I see many smaller Pompilid wasps as I walk the trials.  I have watched them catch, sting and drag Wandering Spiders, (Cuppienius spp), to a burrow in a similar fashion.  Normally they are solitary but last week I noticed a group in a collective frenzy on the forest floor.  There seemed to be something at the center of the group that had captured their attention but I could not make out what it was.  The wasps were tumbling over each other to get at the object of interest but whatever it might have been will remain a mystery.

Pompilid sp. Hymenoptera. Pompilidae. Pepsinae.

Pompilid sp Searching for Something

One final wasp that I saw last week, or rather the nest of a wasp, was the unmistakable construction of a Mud-dauber Wasp belonging to the family Sphecidae.  These wasps are found globally but only six of the known species are native to the Neotropics.  What they may lack in species diversity they make up for in numbers, they are very common.

The tubes are made from mud that the wasp has collected from damp ground and fashioned into elongated cells.  These wasps, like the two species mentioned above are spider feeders.  These ones hunt smaller spiders which are dispatched in the same fashion.  Each of the mud cells is packed with paralyzed victims upon which an egg has been laid.  When the cell is full it is sealed and the spiders are left to suffer in immobilized silence.   These cells I noticed on the side of a tree but it is not uncommon to find them on the outer walls of buildings.

Sphecidae sp. Hymenoptera. Sphecidae.

Mud-dauber Wasp Nest – Cells of Lingering Death

Nameless Wonders

The fungi continue to produce their distinctive fruiting bodies.  Some of them are very eye-catching and some of them are compelling due to their strange appearance.  The stunning yellow mushrooms were found growing from the soil beneath the bamboos.  They were large but brittle, when touched they fell over.  Mushrooms appear overnight and only last a short time as they release the fungal spores into the air.  I found the second group of fruiting bodies growing from a dead branch on the forest floor.  They look like miniature branched corals reaching up and pointing to the heavens.  They were very small but the gregarious, monochrome white-tipped black stipes certainly attracted attention.

Agaricales sp. Osa Peninsula. Costa Rica.

Unidentified Mushroom

Xylaria sp. Xylariaceae.

Candle Snuff Fungus, (Xylaria sp)

Looking But Not Seeing

Harvestmen or Daddy Long Legs are strangely fascinating creatures.  They are, along with the spiders and scorpions, arachnids.  There are approximately 5,000 species of Harvestmen in the Order: Opiliones and most of them are found in the Neotropics.  Many people are familiar with these odd-looking creatures with the small globular body suspended between eight long filamentous legs.  The pedipalps at the front of the head are small and have weak claws at the tips.  They are commonly found on tree trunks where they hunt and feed on small arthropods such as mites and springtails.  They have the undeserved reputation of being one of the most venomous animals on the planet.  There is no factual basis for that claim but once one person says it and another repeats in then it becomes a fact with no standing in reality.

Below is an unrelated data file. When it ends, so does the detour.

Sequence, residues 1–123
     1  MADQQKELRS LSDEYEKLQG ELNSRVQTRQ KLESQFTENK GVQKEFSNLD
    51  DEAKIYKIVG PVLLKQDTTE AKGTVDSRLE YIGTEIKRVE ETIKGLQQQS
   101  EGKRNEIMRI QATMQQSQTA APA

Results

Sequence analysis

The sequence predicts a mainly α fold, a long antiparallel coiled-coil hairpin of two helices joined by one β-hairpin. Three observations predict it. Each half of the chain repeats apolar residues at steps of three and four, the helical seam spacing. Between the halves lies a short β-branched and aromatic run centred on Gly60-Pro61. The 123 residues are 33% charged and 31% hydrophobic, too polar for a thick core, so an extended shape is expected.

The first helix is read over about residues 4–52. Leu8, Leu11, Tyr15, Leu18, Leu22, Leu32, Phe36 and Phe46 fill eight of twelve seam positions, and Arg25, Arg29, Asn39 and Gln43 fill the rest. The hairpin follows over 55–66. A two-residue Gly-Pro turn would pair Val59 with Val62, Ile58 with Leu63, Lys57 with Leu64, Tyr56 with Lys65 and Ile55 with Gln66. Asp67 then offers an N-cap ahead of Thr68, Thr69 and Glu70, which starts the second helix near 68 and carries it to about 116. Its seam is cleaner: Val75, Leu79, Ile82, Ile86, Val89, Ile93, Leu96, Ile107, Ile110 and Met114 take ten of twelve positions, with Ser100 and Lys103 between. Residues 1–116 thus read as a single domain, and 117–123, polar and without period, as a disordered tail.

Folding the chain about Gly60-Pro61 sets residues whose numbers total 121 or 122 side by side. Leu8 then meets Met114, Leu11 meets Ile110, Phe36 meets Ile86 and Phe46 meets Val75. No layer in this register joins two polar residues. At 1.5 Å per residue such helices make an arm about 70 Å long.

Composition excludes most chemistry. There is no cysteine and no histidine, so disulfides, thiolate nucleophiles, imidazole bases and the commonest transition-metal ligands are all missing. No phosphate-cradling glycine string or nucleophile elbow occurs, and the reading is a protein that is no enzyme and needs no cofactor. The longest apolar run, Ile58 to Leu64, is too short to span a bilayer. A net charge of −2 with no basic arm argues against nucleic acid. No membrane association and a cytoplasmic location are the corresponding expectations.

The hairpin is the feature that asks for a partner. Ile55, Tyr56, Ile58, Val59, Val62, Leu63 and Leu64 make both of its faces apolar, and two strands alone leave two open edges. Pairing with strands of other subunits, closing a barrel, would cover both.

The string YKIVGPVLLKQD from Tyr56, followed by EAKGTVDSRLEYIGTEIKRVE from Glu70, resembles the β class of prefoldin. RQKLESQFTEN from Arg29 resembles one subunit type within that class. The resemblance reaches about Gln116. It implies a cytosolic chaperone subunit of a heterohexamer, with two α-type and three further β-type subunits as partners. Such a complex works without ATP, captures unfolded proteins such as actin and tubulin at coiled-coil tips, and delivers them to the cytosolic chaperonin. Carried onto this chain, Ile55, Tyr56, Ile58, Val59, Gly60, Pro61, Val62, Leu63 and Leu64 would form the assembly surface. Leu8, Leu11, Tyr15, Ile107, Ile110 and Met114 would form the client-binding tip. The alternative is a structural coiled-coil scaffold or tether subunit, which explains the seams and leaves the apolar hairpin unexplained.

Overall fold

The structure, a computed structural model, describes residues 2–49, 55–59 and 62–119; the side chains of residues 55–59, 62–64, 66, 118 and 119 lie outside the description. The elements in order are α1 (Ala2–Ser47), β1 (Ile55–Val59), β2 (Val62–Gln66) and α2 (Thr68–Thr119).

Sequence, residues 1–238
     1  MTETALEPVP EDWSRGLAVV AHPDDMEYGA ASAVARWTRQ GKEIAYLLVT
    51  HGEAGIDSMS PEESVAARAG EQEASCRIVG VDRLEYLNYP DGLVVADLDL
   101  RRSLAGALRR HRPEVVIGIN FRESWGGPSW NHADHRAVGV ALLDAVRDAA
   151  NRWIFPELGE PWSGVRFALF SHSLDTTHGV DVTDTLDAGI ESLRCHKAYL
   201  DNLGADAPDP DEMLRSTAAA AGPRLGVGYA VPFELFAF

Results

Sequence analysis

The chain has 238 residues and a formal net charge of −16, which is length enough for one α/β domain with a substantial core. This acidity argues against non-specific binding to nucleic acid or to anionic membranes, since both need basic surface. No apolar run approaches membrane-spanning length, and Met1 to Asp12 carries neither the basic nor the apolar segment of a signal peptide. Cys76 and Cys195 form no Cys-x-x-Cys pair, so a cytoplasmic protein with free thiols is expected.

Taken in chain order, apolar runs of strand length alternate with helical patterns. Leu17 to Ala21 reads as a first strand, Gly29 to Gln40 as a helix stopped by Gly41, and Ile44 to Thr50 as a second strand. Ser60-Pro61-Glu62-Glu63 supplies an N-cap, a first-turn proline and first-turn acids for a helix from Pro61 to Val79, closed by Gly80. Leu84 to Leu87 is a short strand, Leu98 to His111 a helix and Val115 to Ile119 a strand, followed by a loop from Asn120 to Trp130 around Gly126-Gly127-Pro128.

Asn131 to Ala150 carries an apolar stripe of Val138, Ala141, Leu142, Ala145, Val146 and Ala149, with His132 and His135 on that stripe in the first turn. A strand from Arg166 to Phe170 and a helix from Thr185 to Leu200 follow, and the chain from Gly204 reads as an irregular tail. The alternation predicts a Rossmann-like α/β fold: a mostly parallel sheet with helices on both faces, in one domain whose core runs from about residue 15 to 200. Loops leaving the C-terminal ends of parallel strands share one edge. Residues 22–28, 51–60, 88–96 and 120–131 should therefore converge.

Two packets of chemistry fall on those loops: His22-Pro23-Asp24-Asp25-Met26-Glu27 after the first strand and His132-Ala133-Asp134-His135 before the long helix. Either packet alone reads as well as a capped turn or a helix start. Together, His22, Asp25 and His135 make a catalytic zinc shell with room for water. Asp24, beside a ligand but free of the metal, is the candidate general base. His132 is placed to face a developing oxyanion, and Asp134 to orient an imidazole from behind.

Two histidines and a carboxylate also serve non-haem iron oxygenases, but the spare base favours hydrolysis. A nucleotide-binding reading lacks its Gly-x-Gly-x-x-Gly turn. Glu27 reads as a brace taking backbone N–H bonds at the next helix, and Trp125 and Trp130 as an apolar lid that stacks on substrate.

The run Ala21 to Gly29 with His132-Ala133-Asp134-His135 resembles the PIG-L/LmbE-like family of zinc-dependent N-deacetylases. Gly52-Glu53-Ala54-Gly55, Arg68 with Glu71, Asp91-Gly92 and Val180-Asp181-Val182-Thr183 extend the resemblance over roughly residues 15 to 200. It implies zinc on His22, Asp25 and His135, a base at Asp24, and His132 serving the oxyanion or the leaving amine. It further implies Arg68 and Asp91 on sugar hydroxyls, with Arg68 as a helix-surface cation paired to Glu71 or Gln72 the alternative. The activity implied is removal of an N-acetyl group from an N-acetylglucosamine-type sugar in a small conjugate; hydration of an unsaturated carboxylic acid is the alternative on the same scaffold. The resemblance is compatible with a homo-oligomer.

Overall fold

Daddy Long-legs with Legs Covered in Mosquitoes

They would appear to be very vulnerable to predation but they do have ways of avoiding becoming a meal.  They are generally nocturnal and cryptically colored so they blend in with the background.  If physically attacked then they can drop the leg that has been caught, (appendotomy).  The leg continues to twitch serving to hold the attacker’s attention.  They also have repugnatorial glands on the body from which they release a variety of foul smelling chemicals which repel a continuing attack.  If predatory ants are on the hunt, the harvestman lifts itself as high as the legs allow and then remains motionless.  The ants will only attack if they detect motion.

Having taken the photograph and then looked at it in detail I noticed something that I had not seen when I was looking at the animal on the tree, it’s legs were being covered by what appeared to be blood-sucking mosquitoes.  Searching online I could find very few records of mosquitoes feeding on the blood of other arthropods.  Obviously the harvestman has not developed a means by which to keep these specialist predators at bay but without further investigation it may well be that the mosquitoes were simply using the legs as a place to rest.

Philip Davison Is a Biologist, Writer and Photographer Based in Costa Rica


Long Nosed Damsel Smells of Death   2 comments

Felipe del Bosque Blog March 18th 2013

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Open Wide

The weather continues to be hot and dry.  The skies are clear blue during the day and filled with stars at night.  The cracks in the forest floor are widening and deepening.  There is a certain amount of dust in the air being raised from the parched roads.  It is settling on the vegetation giving it that drab and tired look.

The White-lipped Peccaries, (Tayussu pecari), are still making their daily circuits of the grounds around the main lodge area.  They have now been here two weeks and show little sign of leaving.  Their habit of slowly walking around the grounds with little concern regarding the attention of the visitors makes them an easy photographic subject.

The Puma was seen one night by the staff as they left the lodge.  It was crossing the road by the Titi Trail. There is a large Fig Tree, (Ficus citrifolia), fruiting in the gardens in front of the restaurant.  This is attracting the attention of lots of animals particularly monkeys and toucans.